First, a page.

Either way, you will have to do your time.
With regards to school, I explained to her that she has a choice; either she does her time wisely at school and she plays when she comes home or she plays at school and does her time when she gets home.  
Either way, she is going to have to do her time.
Either way, she has to do the work.
She has to deal with her circumstances. But I get it—she thought she could outrun the circumstances of her life. She thought she could beat the game. Unfortunately, this game did not end well.

I spent a great deal of my life, trying to escape the outcomes of my reckless mistakes. I spent a large portion of my adulthood trying to escape the fact that no matter where I go, there I am.

I could never outrun the fact that I have social anxieties. I could never outrun my insecurities. I have memories of public humiliations and fears or betrayal and exposure.
Try as I have, I have never been able to outrun these things. Try as I have, I have never been able to outrun my hatred, which has turned inward at times. I have never been able to escape my wrong-doings or the wreckage of my past. I could never outrun my own vanity, which is my ego, which is my need to bury my tracks so that I will not seem imperfect or better yet, unacceptable
I tried though . . .
I tried to run away and find another way to circumvent or get around the system of our lives, and each time, I ran face first into the same, inescapable fact. I am me.
No matter where I go and no matter what I do, who I am is inescapable.
I am and will always be me . . .

I learned that I am most powerless whenever I try to fix or control things that I have no control over.
I can run and try, but still, fact is fact.
I cannot escape fact.
I look how I look. I sound how I sound.
I am who I am.
The only choice I have in order for me to have a consistently better my life on a daily basis is accept me as I am and improve my assets on a daily basis instead of focusing on my faults.

In my past efforts to outrun pain, I found that I suffered more and endured more than I had to. I learned that the suffering would have been less if I had only stayed where I was and learned to work this out.
I learned that anticipation of pain or sickness, and loneliness, or fear of any kind is often worse than the pain, sickness, loneliness, and the fear itself.

I used try and escape my trauma. I tried to escape my fears. I tried to run away from the wreckage of my past. I tried to get away from my poor choices of behavior and escape the consequences of my self-destructive behavior—but that’s the problem with self-destructive things because you face self-destruction and the outcomes that have come to you are delivered by your own hand.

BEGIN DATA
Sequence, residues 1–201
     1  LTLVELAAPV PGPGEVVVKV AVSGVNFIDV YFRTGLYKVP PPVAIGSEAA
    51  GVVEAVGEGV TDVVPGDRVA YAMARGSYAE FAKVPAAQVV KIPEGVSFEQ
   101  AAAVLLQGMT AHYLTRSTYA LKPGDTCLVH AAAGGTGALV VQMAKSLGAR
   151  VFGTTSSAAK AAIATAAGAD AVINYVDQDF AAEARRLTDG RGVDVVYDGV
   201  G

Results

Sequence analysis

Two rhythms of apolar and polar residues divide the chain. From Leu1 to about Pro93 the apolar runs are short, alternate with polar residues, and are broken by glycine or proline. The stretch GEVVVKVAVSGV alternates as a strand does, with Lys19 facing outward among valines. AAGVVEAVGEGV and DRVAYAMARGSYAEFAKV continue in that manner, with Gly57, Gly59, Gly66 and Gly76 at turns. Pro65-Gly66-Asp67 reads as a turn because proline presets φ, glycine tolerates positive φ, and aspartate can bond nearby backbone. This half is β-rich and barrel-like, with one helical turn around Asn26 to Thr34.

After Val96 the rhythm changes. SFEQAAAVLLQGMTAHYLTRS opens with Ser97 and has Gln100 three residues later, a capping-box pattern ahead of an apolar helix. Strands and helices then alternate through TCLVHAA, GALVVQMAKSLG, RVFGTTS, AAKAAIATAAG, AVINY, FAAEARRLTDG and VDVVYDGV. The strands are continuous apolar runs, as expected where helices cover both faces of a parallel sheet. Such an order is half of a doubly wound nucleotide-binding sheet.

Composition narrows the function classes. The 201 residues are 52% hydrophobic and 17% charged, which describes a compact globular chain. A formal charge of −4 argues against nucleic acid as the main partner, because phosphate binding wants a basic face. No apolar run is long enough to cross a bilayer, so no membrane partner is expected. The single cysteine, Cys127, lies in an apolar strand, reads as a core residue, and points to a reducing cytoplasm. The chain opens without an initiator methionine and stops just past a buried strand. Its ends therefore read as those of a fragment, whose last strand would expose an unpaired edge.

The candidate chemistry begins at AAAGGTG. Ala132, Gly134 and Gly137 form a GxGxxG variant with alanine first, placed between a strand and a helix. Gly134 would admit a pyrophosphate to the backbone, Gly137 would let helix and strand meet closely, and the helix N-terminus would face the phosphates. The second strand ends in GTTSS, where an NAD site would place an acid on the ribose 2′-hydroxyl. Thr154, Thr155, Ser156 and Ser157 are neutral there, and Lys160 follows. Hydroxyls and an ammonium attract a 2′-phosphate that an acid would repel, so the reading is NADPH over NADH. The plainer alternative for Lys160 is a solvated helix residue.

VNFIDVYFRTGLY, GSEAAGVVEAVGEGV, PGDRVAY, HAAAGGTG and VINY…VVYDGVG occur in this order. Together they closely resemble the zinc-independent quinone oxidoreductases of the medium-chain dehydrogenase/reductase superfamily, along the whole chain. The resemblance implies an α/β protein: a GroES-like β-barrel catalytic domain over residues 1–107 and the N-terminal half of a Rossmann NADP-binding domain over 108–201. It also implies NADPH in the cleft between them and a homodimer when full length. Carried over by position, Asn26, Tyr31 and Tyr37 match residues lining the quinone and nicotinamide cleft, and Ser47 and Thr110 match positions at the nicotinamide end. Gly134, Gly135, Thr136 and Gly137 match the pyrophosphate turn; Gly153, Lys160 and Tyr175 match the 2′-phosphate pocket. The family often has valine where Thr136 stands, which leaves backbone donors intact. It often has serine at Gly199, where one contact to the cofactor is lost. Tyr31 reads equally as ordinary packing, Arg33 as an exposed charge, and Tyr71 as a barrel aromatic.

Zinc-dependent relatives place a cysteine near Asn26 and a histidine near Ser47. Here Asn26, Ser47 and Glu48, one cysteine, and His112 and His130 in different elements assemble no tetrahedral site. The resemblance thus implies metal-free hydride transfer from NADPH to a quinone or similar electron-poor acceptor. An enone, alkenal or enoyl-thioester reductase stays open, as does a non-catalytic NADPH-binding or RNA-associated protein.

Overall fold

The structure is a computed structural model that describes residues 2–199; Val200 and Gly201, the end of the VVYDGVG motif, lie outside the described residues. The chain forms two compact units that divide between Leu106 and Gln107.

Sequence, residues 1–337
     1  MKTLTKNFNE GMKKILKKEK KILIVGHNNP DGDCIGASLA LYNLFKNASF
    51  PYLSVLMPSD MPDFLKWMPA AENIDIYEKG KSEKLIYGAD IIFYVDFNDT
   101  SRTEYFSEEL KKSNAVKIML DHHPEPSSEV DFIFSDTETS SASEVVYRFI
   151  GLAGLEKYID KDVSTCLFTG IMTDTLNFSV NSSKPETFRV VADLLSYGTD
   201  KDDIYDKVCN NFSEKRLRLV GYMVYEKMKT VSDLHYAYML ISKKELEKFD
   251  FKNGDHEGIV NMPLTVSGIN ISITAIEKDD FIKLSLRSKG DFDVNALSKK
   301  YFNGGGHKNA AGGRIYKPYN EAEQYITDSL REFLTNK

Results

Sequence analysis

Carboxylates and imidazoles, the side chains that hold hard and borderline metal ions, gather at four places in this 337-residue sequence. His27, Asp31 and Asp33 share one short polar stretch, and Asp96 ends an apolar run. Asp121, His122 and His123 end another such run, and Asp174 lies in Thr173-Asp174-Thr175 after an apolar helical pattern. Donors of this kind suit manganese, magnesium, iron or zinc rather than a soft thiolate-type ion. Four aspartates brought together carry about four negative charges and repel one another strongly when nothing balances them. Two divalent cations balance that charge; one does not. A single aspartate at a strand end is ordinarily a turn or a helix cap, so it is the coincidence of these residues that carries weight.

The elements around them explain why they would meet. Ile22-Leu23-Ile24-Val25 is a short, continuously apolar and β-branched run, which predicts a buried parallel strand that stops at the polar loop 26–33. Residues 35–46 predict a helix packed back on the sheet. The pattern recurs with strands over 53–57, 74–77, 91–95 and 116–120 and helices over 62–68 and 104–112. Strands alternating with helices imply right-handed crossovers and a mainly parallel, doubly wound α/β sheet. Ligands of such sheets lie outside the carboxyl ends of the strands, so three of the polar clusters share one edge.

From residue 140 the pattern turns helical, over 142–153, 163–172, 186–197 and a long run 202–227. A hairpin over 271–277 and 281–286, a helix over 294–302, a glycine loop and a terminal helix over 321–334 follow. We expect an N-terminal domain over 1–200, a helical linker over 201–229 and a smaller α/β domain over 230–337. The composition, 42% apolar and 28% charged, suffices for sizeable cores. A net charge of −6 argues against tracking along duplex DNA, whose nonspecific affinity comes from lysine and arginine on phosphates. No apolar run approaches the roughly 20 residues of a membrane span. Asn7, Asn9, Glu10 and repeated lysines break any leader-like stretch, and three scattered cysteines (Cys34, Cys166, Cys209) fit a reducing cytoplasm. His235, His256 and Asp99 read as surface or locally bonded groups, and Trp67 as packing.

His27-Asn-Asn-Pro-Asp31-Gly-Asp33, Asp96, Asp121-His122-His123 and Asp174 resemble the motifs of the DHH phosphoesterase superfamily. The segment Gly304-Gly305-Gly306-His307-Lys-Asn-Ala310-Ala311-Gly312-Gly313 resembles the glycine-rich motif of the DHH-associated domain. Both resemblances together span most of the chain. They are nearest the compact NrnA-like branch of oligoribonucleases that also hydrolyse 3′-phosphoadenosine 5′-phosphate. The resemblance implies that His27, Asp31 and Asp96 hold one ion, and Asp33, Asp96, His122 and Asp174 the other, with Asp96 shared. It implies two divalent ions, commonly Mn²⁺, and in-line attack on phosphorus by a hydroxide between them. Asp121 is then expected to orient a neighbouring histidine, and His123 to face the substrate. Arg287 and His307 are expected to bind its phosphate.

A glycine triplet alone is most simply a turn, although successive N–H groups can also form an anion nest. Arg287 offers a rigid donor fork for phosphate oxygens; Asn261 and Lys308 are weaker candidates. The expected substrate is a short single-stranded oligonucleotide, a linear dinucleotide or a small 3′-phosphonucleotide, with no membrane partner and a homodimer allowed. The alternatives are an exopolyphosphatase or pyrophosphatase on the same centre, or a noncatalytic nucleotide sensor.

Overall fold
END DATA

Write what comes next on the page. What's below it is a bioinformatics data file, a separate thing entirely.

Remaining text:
It is true. I have considered running away more as an adult than I have did as a child. It is true that I have wished I could disappear sometimes.
There are times when I spoke out and afterwards, I grew so angry, inwardly wishing I had just kept my big mouth shut.

Either case, I am who I am
Why should this be something so tragic?

What if I didn’t run?
What if I faced the music?
What if I didn’t disappear and what if I faced my life and learned the secret to my personal endurance.

In my mind are thousands of rooms. I call this my self-storage units, just like the buildings I see in commercial office spaces.
I have memories here. I have workers and different stations of emotions. I have plans here and dreams as well.
I have a central plant, which is the thought machine located in the center of my head.
I also store things which do not serve me here. I have a trash room which can use some tidying up.
I think about it this way. I think about the lights that burn electricity and how many of the unnecessary rooms in my mind are wasting my energy.

What would it look like if I were able to shut down even a small percentage of them? What would it look like if I were able to conserve my energy and focus this on something useful instead of allowing this energy to be burned or misused on regrets and unrealistic ideas of running away from inescapable things?

Around the time I was taught that wherever I go, there I am; I was also taught an acronym.


This can mean two things . . .
Fuck Everything And Run
Face Everything And Recover

Answer this and you will define your wellness (and happiness) for the rest of your life.

By the way, that 15 year old grew up a little bit. She struggles. She has her bouts. Her friend though, which was her best friend, she died in this car wreck that you see here.

No matter how fast we try to outrun life or its warning signs, eventually life catches up